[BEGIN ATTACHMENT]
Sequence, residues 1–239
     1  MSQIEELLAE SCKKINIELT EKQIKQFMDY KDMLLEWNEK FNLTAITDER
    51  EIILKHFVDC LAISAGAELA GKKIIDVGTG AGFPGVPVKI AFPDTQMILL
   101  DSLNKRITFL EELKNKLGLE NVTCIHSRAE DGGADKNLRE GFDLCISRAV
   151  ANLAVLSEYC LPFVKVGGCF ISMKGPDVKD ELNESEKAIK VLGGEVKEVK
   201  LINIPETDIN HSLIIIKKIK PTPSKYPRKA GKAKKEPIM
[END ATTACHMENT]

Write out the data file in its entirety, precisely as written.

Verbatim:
Sequence, residues 1–239
     1  MSQIEELLAE SCKKINIELT EKQIKQFMDY KDMLLEWNEK FNLTAITDER
    51  EIILKHFVDC LAISAGAELA GKKIIDVGTG AGFPGVPVKI AFPDTQMILL
   101  DSLNKRITFL EELKNKLGLE NVTCIHSRAE DGGADKNLRE GFDLCISRAV
   151  ANLAVLSEYC LPFVKVGGCF ISMKGPDVKD ELNESEKAIK VLGGEVKEVK
   201  LINIPETDIN HSLIIIKKIK PTPSKYPRKA GKAKKEPIM